- Table View
- List View
From 1962 to 1971, the U.S. military sprayed herbicides over Vietnam to strip the thick jungle canopy that could conceal opposition forces, to destroy crops that those forces might depend on, and to clear tall grasses and bushes from the perimeters of U.S. base camps and outlying fire-support bases. In response to concerns and continuing uncertainty about the long-term health effects of the sprayed herbicides on Vietnam veterans, Veterans and Agent Orange provides a comprehensive evaluation of scientific and medical information regarding the health effects of exposure to Agent Orange and other herbicides used in Vietnam. The 2008 report is the eighth volume in this series of biennial updates. It will be of interest to policy makers and physicians in the federal government, veterans and their families, veterans' organizations, researchers, and health professionals.
The current state of science in violence prevention reveals progress, promise, and a number of remaining challenges. In order to fully examine the issue of global violence prevention, the Institute of Medicine in collaboration with Global Violence Prevention Advocacy, convened a workshop and released the workshop summary entitled, Violence Prevention in Low-and Middle-Income Countries. The workshop brought together participants with a wide array of expertise in fields related to health, criminal justice, public policy, and economic development, to study and articulate specific opportunities for the U.S. government and other leaders with resources to more effectively support programming for prevention of the many types of violence. Participants highlighted the need for the timely development of an integrated, science-based approach and agenda to support research, clinical practice, program development, policy analysis, and advocacy for violence prevention.
The Special Supplemental Nutrition Program for Women, Infants, and Children (the WIC program) has promoted the health of low-income families for more than 30 years by providing nutrition education, supplemental food, and other valuable services. The program reaches millions of families every year, is one of the largest nutrition programs in the United States, and is an important investment in the nation’s health. The U.S. Department of Agriculture charged the Institute of Medicine with creating a committee to evaluate the WIC food packages (the list of specific foods WIC participants obtain each month). The goal of the study was to improve the quality of the diet of WIC participants while also promoting a healthy body weight that will reduce the risk of chronic diseases. The committee concluded that it is time for a change in the WIC food packages and the book provides details on the proposed new food packages, summarizes how the proposed packages differ from current packages, and discusses the rationale for the proposed packages.
Even though slightly over half of the U.S. population is female, medical research historically has neglected the health needs of women. However, over the past two decades, there have been major changes in government support of women's health research--in policies, regulations, and the organization of research efforts. To assess the impact of these changes, Congress directed the Department of Health and Human Services (HHS) to ask the IOM to examine what has been learned from that research and how well it has been put into practice as well as communicated to both providers and women. Women's Health Research finds that women's health research has contributed to significant progress over the past 20 years in lessening the burden of disease and reducing deaths from some conditions, while other conditions have seen only moderate change or even little or no change. Gaps remain, both in research areas and in the application of results to benefit women in general and across multiple population groups. Given the many and significant roles women play in our society, maintaining support for women's health research and enhancing its impact are not only in the interest of women, they are in the interest of us all.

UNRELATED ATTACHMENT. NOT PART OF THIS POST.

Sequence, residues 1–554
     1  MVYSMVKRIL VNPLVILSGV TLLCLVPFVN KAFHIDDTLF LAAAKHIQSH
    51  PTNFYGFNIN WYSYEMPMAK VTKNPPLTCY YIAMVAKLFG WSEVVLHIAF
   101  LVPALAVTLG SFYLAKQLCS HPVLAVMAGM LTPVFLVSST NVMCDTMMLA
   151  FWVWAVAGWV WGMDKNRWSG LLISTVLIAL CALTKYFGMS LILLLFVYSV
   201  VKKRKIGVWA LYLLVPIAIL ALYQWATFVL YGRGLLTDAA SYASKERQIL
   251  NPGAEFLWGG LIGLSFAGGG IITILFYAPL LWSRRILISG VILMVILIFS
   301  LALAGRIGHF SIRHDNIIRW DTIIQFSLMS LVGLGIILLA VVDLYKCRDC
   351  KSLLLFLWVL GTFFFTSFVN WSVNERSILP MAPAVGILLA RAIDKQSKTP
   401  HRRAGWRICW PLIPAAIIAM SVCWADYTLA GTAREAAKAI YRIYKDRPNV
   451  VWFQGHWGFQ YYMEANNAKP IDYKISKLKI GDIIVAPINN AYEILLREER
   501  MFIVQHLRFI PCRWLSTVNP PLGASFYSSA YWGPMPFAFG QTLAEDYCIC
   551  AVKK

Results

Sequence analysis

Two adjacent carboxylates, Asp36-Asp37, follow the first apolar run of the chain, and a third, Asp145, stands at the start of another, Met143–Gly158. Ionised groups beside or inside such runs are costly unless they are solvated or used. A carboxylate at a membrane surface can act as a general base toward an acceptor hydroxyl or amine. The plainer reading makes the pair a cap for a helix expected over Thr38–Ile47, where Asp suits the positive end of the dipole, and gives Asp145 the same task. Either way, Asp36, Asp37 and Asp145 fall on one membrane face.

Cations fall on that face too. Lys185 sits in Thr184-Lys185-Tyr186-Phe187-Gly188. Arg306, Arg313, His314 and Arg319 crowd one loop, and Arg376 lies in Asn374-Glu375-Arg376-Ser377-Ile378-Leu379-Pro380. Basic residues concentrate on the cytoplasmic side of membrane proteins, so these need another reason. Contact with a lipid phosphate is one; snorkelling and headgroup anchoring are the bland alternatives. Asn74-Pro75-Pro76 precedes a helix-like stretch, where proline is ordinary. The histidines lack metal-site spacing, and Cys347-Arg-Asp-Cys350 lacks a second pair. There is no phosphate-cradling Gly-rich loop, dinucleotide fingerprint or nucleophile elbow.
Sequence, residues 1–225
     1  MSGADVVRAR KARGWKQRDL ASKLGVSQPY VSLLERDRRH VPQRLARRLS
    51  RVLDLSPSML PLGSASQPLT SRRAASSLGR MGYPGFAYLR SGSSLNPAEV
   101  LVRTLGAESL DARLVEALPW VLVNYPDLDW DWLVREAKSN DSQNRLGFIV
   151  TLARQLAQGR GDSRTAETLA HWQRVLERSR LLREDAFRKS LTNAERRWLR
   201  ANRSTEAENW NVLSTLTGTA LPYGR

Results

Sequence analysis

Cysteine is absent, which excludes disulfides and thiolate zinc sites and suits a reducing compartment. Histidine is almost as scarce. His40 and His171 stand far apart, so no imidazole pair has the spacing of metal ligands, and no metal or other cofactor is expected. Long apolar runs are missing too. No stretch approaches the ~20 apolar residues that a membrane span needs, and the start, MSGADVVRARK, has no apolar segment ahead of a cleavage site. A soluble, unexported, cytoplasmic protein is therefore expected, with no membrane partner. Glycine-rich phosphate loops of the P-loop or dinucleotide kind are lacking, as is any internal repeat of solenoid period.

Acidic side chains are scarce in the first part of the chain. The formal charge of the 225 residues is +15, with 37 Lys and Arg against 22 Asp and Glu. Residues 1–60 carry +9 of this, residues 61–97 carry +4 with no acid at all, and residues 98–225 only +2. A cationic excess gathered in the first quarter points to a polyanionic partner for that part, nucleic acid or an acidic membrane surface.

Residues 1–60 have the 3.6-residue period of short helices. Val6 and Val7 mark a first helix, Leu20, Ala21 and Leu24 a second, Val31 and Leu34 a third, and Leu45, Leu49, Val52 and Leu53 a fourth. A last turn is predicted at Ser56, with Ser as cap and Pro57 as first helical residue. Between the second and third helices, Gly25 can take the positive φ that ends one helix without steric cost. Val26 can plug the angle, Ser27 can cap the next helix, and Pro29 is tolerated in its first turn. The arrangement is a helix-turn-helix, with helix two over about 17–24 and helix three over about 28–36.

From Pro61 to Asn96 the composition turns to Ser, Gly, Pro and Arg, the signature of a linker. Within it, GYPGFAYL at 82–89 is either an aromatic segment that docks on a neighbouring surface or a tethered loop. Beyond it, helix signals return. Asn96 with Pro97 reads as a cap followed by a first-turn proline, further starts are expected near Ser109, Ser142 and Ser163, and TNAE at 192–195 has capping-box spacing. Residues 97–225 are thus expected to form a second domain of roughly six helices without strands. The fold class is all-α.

A report on Disability in America
Select your format based upon: 1) how you want to read your book, and 2) compatibility with your reading tool. To learn more about using Bookshare with your device, visit the "Using Bookshare" page in the Help Center.
Here is an overview of the specialized formats that Bookshare offers its members with links that go to the Help Center for more information.
- Bookshare Web Reader - a customized reading tool for Bookshare members offering all the features of DAISY with a single click of the "Read Now" link.
- DAISY (Digital Accessible Information System) - a digital book file format. DAISY books from Bookshare are DAISY 3.0 text files that work with just about every type of access technology that reads text. Books that contain images will have the download option of ‘DAISY Text with Images’.
- BRF (Braille Refreshable Format) - digital Braille for use with refreshable Braille devices and Braille embossers.
- MP3 (Mpeg audio layer 3) - Provides audio only with no text. These books are created with a text-to-speech engine and spoken by Kendra, a high quality synthetic voice from Ivona. Any device that supports MP3 playback is compatible.
- DAISY Audio - Similar to the Daisy 3.0 option above; however, this option uses MP3 files created with our text-to-speech engine that utilizes Ivona's Kendra voice. This format will work with Daisy Audio compatible players such as Victor Reader Stream and Read2Go.